Monday , November 30 2020
"I write improvisationally from the first paragraph. When I'm about 50 chapters into the book I start looking for a way out of the corner I've painted myself into..."

An Interview With Stuart Woods, Author of Santa Fe Edge

Stuart Woods has been cranking out bestsellers for almost 30 years now. His debut, Chiefs, won the Edgar Award in 1981.

When sent an unsolicited copy of his last book I decided I wanted to interview this guy to see what makes him tick. While I’m not crazy about the last two books by him — they seem a bit on the light side for me — between reading them and doing this interview I think I better understand their appeal.

What follows is the interview we did via email.

Scott: I just read your “reader interview,” which you said you did in an attempt to curb people asking the same questions over and over. Does it work? I have to say I feel intimidated by it, like if I ask something which isn’t included but you’re tired of answering you may hit me on the head with a book or something. 

It works if they read the interview, but they don’t always do that.

So I’ll try to ask questions not on that list. thus… Do you watch any cop shows or thrillers on TV? Which ones?

Rubicon, Rizzoli & Isles, Closer, Etc.

Are there ever any worries that when reading others’ books or watching TV shows or movies that you’ll accidently steal another’s idea?

I don’t read in my genre for that very reason. I think it would be an awful thing to, even inadvertently, pick up on someone else’s idea, and it would be even worse to get caught doing it.

Is it coincidence that Tip, as this book starts, is having trouble as a golfer with a wife (murdered) who was sleeping around, and all this while memories of all the scandalous stories about Tiger Woods are still fresh? Put a more direct way is Teddy and his wife’s infidelity problems based partly off of Tiger’s problems keeping his tiger in his pants?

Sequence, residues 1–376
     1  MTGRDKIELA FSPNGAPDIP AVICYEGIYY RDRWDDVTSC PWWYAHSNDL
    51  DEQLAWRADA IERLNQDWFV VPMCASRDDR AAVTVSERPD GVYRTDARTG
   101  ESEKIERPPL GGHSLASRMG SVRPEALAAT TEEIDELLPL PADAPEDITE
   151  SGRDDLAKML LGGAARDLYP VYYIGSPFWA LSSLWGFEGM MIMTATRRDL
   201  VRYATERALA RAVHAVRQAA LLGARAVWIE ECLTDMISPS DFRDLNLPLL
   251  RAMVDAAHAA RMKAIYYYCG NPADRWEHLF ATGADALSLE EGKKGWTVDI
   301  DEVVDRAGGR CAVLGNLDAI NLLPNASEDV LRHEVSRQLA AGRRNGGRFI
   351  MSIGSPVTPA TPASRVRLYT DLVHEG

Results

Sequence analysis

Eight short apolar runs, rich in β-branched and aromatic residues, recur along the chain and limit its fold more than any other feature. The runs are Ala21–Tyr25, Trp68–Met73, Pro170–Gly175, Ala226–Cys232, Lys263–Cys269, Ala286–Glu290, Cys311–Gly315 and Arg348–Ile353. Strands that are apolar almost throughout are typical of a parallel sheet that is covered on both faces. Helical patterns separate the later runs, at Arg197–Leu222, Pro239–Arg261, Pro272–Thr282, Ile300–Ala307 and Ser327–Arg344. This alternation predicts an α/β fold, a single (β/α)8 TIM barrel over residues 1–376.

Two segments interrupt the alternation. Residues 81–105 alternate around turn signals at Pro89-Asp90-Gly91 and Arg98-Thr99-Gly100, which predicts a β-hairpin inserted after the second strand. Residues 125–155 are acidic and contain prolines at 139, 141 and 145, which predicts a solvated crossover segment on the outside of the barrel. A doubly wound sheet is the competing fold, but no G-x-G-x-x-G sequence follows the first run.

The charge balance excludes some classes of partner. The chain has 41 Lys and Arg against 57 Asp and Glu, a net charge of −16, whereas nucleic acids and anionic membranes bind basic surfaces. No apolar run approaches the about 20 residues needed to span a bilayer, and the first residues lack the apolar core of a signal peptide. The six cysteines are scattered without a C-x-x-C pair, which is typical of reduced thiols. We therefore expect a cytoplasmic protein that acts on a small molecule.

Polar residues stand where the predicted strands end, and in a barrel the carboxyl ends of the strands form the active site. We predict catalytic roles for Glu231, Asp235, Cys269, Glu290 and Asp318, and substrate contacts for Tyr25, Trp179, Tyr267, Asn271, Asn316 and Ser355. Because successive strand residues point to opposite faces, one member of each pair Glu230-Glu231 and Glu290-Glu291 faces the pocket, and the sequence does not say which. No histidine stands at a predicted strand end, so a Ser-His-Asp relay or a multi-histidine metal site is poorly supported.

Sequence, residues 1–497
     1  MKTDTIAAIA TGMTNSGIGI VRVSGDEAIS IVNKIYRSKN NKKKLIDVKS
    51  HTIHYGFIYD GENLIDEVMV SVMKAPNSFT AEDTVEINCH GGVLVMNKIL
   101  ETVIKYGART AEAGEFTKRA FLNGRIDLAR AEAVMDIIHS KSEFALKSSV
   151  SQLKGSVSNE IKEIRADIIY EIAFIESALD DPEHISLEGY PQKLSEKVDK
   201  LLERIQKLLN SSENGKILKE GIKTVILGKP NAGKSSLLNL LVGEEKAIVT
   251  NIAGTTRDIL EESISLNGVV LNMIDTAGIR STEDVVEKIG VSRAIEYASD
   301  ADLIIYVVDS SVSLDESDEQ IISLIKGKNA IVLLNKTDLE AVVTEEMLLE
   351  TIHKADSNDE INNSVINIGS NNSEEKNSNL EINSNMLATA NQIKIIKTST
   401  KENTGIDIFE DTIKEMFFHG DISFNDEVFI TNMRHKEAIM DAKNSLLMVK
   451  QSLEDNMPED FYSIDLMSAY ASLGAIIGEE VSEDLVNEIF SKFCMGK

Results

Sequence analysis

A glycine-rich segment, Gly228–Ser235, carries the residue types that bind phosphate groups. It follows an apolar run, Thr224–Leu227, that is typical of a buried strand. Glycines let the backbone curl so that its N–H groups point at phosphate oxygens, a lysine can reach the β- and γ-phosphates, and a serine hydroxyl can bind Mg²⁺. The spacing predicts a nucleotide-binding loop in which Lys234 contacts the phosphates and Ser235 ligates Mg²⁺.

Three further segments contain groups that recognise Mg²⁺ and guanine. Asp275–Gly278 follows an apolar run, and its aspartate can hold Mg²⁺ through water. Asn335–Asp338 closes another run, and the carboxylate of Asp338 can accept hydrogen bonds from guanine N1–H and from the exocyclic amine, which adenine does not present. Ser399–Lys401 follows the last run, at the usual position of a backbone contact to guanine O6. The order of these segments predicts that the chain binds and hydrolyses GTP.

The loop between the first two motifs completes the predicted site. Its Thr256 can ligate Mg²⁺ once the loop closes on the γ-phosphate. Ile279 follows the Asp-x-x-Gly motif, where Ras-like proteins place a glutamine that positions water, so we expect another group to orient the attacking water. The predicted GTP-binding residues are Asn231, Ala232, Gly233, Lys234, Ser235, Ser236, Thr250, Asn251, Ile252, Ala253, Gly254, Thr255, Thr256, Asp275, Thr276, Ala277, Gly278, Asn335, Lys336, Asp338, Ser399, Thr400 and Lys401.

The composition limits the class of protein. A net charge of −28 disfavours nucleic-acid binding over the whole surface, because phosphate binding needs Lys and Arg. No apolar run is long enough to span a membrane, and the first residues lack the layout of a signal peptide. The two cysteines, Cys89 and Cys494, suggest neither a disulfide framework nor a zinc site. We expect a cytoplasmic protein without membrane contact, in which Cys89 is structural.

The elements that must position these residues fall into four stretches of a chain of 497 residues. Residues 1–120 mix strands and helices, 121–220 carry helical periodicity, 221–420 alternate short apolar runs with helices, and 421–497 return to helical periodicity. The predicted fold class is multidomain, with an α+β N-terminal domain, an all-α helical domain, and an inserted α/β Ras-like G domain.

This was written before all that happened.

I found fascinating the idea — which you mention in that reader interview — of selling off naming rights to charitable groups (an auction for a good cause). Can you say what names you have used in the books through these auctions? Also, why stop at names? Couldn’t you, in theory, sell off a title or a plot line?

I don’t remember the names and I don’t know how you would do the latter.

How much planning ahead do you do before you start a book? When I recently interviewed Jeffrey Deaver, for example, he said he sometimes has a 200-page outline before he starts his books.

None. I write improvisationally from the first paragraph. When I’m about 50 chapters into the book I start looking for a way out of the corner I’ve painted myself into, and, so far, I’ve always found a way out.

If someone is new to you would you suggest they start with a particular book? With your first?

It couldn’t hurt. There’s a printable list on the “past books” page of the website.

How do you think Barack Obama is doing? I saw you complimented him in the reader interview so I was curious if your opinion of him has changed?

I don’t see how any president could have done better, under the circumstances. Everybody should read The Promise by Jonathan Alter, about the first year of Obama’s administration, to see how hard and how expertly he works.

What have been the high and low points in your writing career so far?

I have not had any low points but a lot of high points.

I will end with what I call a bonus question: What question do you wish interviewers would ask you that they don’t ask? Here’s your chance to ask it then answer it.

There isn’t one. The most frequently asked question is: Where do you get your ideas? I always reply that I have a fevered imagination and a rich fantasy life, which helps with the sex scenes.

About Scott Butki

Scott Butki was a newspaper reporter for more than 10 years before making a career change into education... then into special education. He has been working in mental health for the last ten years. He lives in Austin. He reads at least 50 books a year and has about 15 author interviews each year and, yes, unlike tv hosts he actually reads each one. He is an in-house media critic, a recovering Tetris addict and a proud uncle. He has written articles on practically all topics from zoos to apples and almost everything in between.

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